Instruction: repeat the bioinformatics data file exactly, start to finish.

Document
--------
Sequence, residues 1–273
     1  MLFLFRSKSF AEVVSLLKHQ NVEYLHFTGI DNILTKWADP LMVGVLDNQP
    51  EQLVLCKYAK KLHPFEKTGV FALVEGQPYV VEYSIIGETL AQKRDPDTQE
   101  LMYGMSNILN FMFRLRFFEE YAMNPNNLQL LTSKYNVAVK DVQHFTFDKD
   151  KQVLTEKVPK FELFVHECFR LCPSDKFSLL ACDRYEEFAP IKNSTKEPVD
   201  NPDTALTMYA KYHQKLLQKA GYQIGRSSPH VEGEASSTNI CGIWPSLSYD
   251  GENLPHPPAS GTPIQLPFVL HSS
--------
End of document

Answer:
Sequence, residues 1–273
     1  MLFLFRSKSF AEVVSLLKHQ NVEYLHFTGI DNILTKWADP LMVGVLDNQP
    51  EQLVLCKYAK KLHPFEKTGV FALVEGQPYV VEYSIIGETL AQKRDPDTQE
   101  LMYGMSNILN FMFRLRFFEE YAMNPNNLQL LTSKYNVAVK DVQHFTFDKD
   151  KQVLTEKVPK FELFVHECFR LCPSDKFSLL ACDRYEEFAP IKNSTKEPVD
   201  NPDTALTMYA KYHQKLLQKA GYQIGRSSPH VEGEASSTNI CGIWPSLSYD
   251  GENLPHPPAS GTPIQLPFVL HSS